Upon arriving at police headquarters, another officer was awaiting my arrival, and I was escorted into the booking area. I was asked to stand in front of a white wall as Officer McKellick proceeded to perform another pat pat-downtown, removed the handcuffs, and waved a wand over my body to determine if I was concealing any metallic objects he may not have found at the scene. After being photographed, I was then put into the detention cell for 20 minutes, and was not allowed to use the bathroom. Officer McKellick said that this was because whatever is in my system needs to remain there until I am tested on the Breathalyzer.
While I wait in the detention cell for 20 minutes, the officer fills out an A- 44 form, which documents my personal data, investigation information, field sobriety test results, implied consent, and chemical alcohol test data. Because DUI is considered a misdemeanor, I am not fingerprinted; only criminal offenses are fingerprinted. downtown Meanwhile, the dispatcher is running my license information through national databases looking for outstanding warrants and past criminal history.
Once I am brought to the Intoxylizer, which is a machine that is connected to the State DMV offices in Hartford, I am asked to blow into a tube on a machine that will register my intoxication level. If I had refused to take the Breathalyzer test, my license would automatically have been revoked for 24 hours, with an additional suspension of 6 months. The legal limit in Connecticut is .08. I “blew” a 1.0, putting me over the legal limit. Following the first test, a second is taken 30 minutes later, which is required by law. The second time around, I scored a .09, confirming my intoxication. I was then informed I was charged with DUI and read my rights by Officer McKellick and asked to sign a form stating I understood the charges. I was then allowed to make phone calls to my lawyer and family members.
After the pat-downs, mug shots, paperwork, intoxilyzer tests, and observation period, the sergeant on duty determines the bail. This is calculated through several factors. The sergeant will look at my past criminal record (if any), the type of offense I have committed, and if I was cooperative during the booking process. Since I had no outstanding warrants, no past criminal record, and was on my best behavior, my bail was set at $250.
The Police Department is a cash-only operation. They do not accept checks or credit cards, and with a DUI offense as with several others, a second party needs to be accountable for the perpetrator. In the booking room, there is a list of available bail bondsmen to choose from. I called Aladdin Bail Bonds in Bridgeport. A representative from Aladdin stated that the detainee must have a cosigner for a bail bond. “The cosigner must fill out an application for a contract that borrows the money from an insurance company that pays the bail,” she said. “There are many fees associated with bail in addition to the cost set by the Sergeant,” she added. Additional fees include a 10% charge on the premium and $150 from the State of Connecticut.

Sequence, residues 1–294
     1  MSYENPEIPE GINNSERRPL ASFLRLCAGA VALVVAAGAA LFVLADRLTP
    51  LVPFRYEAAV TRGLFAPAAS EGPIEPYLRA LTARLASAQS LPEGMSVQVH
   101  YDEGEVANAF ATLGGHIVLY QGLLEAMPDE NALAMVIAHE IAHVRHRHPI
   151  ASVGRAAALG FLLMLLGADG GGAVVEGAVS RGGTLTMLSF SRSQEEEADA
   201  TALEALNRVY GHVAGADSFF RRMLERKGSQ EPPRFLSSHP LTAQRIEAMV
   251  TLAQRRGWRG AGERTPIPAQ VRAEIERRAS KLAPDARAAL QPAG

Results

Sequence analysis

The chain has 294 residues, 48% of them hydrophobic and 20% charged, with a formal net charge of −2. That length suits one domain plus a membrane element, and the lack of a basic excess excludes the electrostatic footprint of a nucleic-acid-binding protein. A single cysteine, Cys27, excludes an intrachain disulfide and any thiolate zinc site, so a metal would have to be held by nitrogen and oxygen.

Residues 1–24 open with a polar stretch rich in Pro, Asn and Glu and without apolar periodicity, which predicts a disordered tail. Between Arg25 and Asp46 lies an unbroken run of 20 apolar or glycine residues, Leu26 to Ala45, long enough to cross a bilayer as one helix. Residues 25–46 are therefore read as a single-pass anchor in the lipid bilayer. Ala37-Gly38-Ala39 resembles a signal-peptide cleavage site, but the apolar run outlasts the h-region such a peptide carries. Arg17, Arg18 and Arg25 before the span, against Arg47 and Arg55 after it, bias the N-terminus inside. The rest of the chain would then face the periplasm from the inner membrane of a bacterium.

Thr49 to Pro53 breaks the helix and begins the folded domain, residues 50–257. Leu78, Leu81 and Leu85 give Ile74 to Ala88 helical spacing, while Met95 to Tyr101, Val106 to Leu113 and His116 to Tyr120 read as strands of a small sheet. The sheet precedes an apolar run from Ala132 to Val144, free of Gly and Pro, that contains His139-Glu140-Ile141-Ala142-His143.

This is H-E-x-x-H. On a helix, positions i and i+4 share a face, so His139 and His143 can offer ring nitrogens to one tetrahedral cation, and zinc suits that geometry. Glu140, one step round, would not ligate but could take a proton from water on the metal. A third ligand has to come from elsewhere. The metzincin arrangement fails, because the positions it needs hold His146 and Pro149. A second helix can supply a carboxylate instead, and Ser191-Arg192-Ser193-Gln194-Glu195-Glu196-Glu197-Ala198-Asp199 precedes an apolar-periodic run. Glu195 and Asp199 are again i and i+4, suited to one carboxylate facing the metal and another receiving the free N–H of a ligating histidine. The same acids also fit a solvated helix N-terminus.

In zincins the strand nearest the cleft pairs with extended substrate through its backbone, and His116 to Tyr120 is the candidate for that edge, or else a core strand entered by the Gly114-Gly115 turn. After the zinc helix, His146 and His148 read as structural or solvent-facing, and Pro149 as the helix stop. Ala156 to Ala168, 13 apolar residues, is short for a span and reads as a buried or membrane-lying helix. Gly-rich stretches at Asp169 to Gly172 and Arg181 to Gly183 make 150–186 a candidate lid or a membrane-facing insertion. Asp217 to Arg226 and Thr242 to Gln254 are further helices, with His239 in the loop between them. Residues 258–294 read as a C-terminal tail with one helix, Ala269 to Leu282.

While the bond process was being arranged, I waited in the holding cell. According to Lt. McCauley, depending on the day of the week, this could take some time. “If someone is arrested and cannot make bail on a Friday of a holiday weekend, they will be held in custody until the following Tuesday when they are brought to court for arraignment.” In addition to the arrest, there are several consequences beyond the charges brought about by the situation. Other costs to consider for the perpetrator are car towing and storage expenses, and ramifications from their insurance company. Car towing and storage costs are set at and regulated by the State of Connecticut. The Hill ‘N Dale Garage on Main Street is one of four contracted towing services in town. Employee John Barnaby said that for a hookup and tow it costs $77 for the first 5 miles and $4 a mile after that. Additionally, there is a $20 a day storage fee that goes up to $24 after three days. Mr. Barnaby also stated there are unforeseen charges that are dependent on the case.
“Sometimes at the crime scene, the tow truck driver is kept waiting until the investigation is over, which could take hours,” he said. “For the time the truck and the driver are held up, additional charges accumulate.”
Allstate Insurance agent Claude Berardi stressed that consequences for a DUI are pretty severe in the State of Connecticut. “If your license is suspended, your insurance company is more than likely going to going to drop you,” he said. To become reinsured, you would be considered a high risk, and would need what is called an SR 22, which is like an indemnity plan. Mr. Berardi said, “You will pay four to five times the amount for insurance after a DUI.”
Lieutenant McCauley stressed that there are many ways to avoid a DUI. “One of the easiest things to do if you are out with friends is to pick a designated driver,” he said. He also stressed that if people are in a situation where they are unable to drive, call the police station for assistance. He said, “We are not going to arrest you, but help you get to a safe place.” Currently in Monroe there is a Safe Rides program through Masuk High School available for those situations.